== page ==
[Dixielandjazz] Sextette from Hunger

Stan Brager sbrager at socal.rr.com
Fri Feb 29 18:07:22 PST 2008


I just happened to have selected the Benny Goodman's Boys with Jim and Glenn 
recording of "Wolverine Blues" for a talk I'm giving. Conselman played vibes 
on this cut. He can be heard about 2:14 minutes into the recording. Also on 
this cut was Jimmy McPartland on cornet and Benny's brother, Harry, on tuba.

Stan Brager

----- Original Message ----- 
From: "Chris Tyle" <jazzchops at isp.com>
To: <dixielandjazz at ml.islandnet.com>
Cc: "Dixieland Jazz Mailing List" <dixielandjazz at ml.islandnet.com>
Sent: Friday, February 29, 2008 11:41 AM
Subject: [Dixielandjazz] Sextette from Hunger

>I can add a few bits of info here.
> Norrie, the phrase "that's strictly from hunger" was a popular one in the 
> 1940s and likely earlier. It meant something wasn't very good, i.e., "that 
> band's strictly from hunger." In the case of this band they're obviously 
> not "from hunger," so it's meant as a play on words.
> Looking at Tom Lord's jazz discography on CD, I found Blake Reynolds first 
> listed as an alto player on Artie Shaw's session from March 3, 1940, where 
> the band recorded "Frenesi." The next batch of recordings are by the 
> sextette where he plays clarinet, followed by performance on alto again on 
> the Benny Goodman Story soundtrack. The last session listed for Reynolds 
> is called "Weekend" jazz, a recording for MacGregor with the Sextette from 
> Hunger personal, but there's no actual band name listed. I found a listing 
> for a Blake Reynolds at familysearch.com (a genealogy webpage), born in 
> 1907, died in 1982, which is likely him.
> Charlie LaVere was a well-known pianist born in Salina, Kansas in 1910. He 
> went on to spend time in Chicago, working with people like Wingy Manone, 
> and then he ended up in Los Angeles where he did studio work and was 
> involved with the dixieland scene there. He was leader on a number of 
> sessions in L.A. for the Jump label. He also worked as a member of Country 
> Washburne's band. He died in San Diego in 1983. There's quite a nice 
> session that he led in 1935 in Chicago with trumpeter Jabbo Smith in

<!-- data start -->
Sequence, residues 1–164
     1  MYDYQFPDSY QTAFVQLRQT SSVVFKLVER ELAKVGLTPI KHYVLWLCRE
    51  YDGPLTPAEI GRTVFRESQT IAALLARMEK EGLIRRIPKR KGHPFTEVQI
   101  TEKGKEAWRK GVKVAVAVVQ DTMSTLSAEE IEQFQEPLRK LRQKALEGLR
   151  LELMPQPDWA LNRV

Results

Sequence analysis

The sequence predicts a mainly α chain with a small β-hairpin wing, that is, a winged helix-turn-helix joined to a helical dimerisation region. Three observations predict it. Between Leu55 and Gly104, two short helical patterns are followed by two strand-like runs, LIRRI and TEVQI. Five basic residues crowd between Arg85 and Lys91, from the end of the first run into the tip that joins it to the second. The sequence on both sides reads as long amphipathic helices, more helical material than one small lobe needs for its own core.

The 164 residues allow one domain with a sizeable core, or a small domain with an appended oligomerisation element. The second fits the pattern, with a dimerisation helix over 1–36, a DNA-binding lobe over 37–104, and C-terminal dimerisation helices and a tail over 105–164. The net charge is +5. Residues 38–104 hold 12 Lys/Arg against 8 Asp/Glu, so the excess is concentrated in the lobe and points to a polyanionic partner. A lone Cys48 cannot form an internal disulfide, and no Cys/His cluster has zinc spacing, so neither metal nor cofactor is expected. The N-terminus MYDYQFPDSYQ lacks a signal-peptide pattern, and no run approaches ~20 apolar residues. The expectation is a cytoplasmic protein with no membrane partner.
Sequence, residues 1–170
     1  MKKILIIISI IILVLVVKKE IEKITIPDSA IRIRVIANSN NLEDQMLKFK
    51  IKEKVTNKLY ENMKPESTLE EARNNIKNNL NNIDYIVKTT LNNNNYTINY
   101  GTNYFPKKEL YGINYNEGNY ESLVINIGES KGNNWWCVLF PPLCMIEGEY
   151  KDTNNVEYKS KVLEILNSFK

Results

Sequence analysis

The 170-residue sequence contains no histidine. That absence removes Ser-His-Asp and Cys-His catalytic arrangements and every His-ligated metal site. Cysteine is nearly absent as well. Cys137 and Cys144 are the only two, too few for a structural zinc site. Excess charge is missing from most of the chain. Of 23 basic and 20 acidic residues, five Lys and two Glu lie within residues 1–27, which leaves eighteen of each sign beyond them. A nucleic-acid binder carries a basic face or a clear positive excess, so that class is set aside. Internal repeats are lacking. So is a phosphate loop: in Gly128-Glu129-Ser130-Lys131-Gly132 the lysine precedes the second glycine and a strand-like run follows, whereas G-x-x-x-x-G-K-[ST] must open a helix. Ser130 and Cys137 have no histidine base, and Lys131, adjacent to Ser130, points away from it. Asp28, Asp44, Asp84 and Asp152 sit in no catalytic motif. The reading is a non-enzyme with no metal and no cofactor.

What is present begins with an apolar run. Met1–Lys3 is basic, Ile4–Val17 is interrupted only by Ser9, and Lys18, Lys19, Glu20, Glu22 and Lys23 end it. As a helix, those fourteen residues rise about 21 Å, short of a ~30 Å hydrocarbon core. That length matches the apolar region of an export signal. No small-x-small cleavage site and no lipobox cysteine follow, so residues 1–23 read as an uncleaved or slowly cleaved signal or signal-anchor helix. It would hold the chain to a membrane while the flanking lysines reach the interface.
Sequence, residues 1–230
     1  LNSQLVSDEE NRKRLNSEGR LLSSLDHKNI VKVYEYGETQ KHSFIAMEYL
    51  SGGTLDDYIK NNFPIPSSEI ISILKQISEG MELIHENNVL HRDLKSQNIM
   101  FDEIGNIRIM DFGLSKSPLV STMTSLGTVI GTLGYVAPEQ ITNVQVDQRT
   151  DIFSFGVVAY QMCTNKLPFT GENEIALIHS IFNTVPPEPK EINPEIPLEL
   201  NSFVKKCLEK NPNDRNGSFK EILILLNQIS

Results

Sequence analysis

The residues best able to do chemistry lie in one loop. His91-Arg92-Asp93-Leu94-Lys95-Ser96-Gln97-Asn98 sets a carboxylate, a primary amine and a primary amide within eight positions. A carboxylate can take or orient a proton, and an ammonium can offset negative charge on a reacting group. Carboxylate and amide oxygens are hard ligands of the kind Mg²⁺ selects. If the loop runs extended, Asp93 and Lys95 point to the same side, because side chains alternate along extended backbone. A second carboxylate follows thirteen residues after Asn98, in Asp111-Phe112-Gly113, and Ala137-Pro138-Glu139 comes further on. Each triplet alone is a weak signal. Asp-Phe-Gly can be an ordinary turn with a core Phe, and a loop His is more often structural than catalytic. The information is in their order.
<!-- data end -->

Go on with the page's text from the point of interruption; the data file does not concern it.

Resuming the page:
> addition to the Jump sides, which are also excellent.
> Bob "Gonzelmann"...I think this is Bob Conselman, who is listed on Benny 
> Goodman's first recording session under his own name, from 1928, where 
> they recorded "A Jazz Holiday" and "Wolverine Blues." (I don't hear any 
> drums on either of those sides, however. He can be heard on "After 
> Awhile," "Muskrat Scramble" (sic), "Clarinetitis" and "That's a Plenty.") 
> I notice in the discography that on the Weekend Jazz sessions, his name is 
> spelled "Conzelmann." In Chicago in the 1920s he recorded with Charlie 
> Straight's band and Joey Lichter's Strand Syncopators (probably was a 
> full-time member of these bands also). He's on some 1931 dates with Frank 
> Trumbauer and 1933 dates with Jack Teagarden. The Goodman sides from 1928 
> can be heard at redhotjazz.com/goodman.html . Be sure to click on the link 
> "Benny Goodman's Boys," but there's also a trio session on that page with 
> Conselman. Familysearch.com shows a death record for a Robert Conzelmann, 
> born Nov. 1900, died in Studio City, CA, Feb. 1979. This is probably him 
> and the correct spelling of his name.
> I hadn't listened to those early Goodman sides in a long time, but I hear 
> Conzelmann doing some interesting things. On "Clarinetitis," it sounds 
> like he playing a wire brush on the bass drum, which is a trick that Ben 
> Pollack used to do. Conzelmann's playing is very much in the Chicago drum 
> style, ala Pollack, Dave Tough and Krupa. On "That's a Plenty" he starts 
> playing sticks on the bass drum shell ala Baby Dodds. He can also be heard 
> clearly playing four beats to the bar on the bass drum. There's also some 
> very nice Chicago-style drumming on the last two choruses. This is a nice 
> recording of Mel Stitzel, a guy who, like many of these other players, 
> slipped through the cracks.
> George Thow's first session in the discog is as a member of Isham Jones' 
> band in 1932, backing up Bing Crosby on "Sweet Georgia Brown." (Nice 
> trumpet solo - could it be him?) He worked with Jones until May 1934 when 
> he joined the Dorsey Brothers band. When the brothers split the following 
> year, he stayed with Jimmy, working until 1938 with him, then working with 
> Ben Pollack. Thow, like Blake Reynolds, is part of Artie Shaw's pickup 
> band for the "Frenesi" session mentioned above. The discog lists a lot of 
> LA sessions with different groups, including sessions with Pete Fountain. 
> From familysearch again, looks like he was born July 1908 and died in the 
> LA area in April 1987.
> Joe Yukl's first session was with Thow and the Dorsey Bros. band January 
> 1935. Like Thow, he came west with Jimmy Dorsey when JD was working as the 
> backup band for Bing Crosby. Looks like he played with Ben Pollack's band 
> with Thow, and also worked with quite a few of the LA dixieland bands like 
> Wingy Manone. He led a couple of sessions issued on Jump. Joe was born in 
> New York in March 1909 and died in LA March 1981. He coached Jimmy Stewart 
> on trombone for his part in the "Glenn Miller." (Louis Armstrong gave 
> Stewart some advice, too ;-) )
> Enough "from hunger."
> Cheers
> Chris Tyle
> tyleman.com
> Eddie Skrivanek is shown in Lord's discog as only appearing on the 
> Sextette from Hunger associated sessions. Familysearch shows Edward 
> Skrivanek, born April 1907, died in Burbank Feb. 1975.

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